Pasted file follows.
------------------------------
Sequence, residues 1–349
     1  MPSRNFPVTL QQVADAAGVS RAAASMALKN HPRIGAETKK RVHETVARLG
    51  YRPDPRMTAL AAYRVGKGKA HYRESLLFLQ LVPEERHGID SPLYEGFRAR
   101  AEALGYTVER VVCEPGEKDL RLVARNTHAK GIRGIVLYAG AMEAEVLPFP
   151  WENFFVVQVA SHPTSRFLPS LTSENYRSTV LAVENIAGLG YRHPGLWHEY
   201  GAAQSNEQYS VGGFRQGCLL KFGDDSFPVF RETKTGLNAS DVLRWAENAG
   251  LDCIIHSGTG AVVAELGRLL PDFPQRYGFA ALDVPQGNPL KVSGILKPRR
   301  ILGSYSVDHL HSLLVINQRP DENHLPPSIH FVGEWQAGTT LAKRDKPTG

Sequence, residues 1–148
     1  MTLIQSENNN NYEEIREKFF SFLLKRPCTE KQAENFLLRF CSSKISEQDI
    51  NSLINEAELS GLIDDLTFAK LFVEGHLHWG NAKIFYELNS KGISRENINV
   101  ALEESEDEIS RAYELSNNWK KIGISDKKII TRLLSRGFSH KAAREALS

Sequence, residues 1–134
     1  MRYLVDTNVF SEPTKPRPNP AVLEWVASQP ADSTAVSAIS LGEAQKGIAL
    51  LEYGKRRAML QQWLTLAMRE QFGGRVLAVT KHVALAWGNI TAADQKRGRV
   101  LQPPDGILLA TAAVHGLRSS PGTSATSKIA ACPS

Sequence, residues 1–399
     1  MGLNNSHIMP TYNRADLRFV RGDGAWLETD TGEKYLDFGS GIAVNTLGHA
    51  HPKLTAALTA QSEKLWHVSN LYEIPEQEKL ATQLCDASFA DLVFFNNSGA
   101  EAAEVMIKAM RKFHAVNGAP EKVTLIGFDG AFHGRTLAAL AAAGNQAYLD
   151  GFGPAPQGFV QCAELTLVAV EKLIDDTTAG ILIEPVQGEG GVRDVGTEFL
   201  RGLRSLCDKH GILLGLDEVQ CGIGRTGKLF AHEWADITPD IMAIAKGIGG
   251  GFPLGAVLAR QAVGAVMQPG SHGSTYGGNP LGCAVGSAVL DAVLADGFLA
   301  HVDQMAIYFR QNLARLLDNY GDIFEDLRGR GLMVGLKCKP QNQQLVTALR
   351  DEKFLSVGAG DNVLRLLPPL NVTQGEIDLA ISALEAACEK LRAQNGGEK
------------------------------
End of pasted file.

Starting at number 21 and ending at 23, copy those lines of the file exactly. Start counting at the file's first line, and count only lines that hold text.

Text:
   151  GFGPAPQGFV QCAELTLVAV EKLIDDTTAG ILIEPVQGEG GVRDVGTEFL
   201  RGLRSLCDKH GILLGLDEVQ CGIGRTGKLF AHEWADITPD IMAIAKGIGG
   251  GFPLGAVLAR QAVGAVMQPG SHGSTYGGNP LGCAVGSAVL DAVLADGFLA